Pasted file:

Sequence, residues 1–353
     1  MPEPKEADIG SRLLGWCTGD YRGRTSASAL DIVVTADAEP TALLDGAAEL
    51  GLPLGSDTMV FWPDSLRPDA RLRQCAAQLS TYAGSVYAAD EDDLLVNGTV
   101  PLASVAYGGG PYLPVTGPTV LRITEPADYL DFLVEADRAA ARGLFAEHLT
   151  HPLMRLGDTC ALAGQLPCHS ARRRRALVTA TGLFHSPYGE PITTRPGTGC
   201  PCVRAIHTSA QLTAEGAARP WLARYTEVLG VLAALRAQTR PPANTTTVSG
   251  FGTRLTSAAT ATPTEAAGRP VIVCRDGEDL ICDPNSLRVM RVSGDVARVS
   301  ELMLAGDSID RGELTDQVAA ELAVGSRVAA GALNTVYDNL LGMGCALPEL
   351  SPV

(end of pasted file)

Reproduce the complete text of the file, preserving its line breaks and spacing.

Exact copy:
Sequence, residues 1–353
     1  MPEPKEADIG SRLLGWCTGD YRGRTSASAL DIVVTADAEP TALLDGAAEL
    51  GLPLGSDTMV FWPDSLRPDA RLRQCAAQLS TYAGSVYAAD EDDLLVNGTV
   101  PLASVAYGGG PYLPVTGPTV LRITEPADYL DFLVEADRAA ARGLFAEHLT
   151  HPLMRLGDTC ALAGQLPCHS ARRRRALVTA TGLFHSPYGE PITTRPGTGC
   201  PCVRAIHTSA QLTAEGAARP WLARYTEVLG VLAALRAQTR PPANTTTVSG
   251  FGTRLTSAAT ATPTEAAGRP VIVCRDGEDL ICDPNSLRVM RVSGDVARVS
   301  ELMLAGDSID RGELTDQVAA ELAVGSRVAA GALNTVYDNL LGMGCALPEL
   351  SPV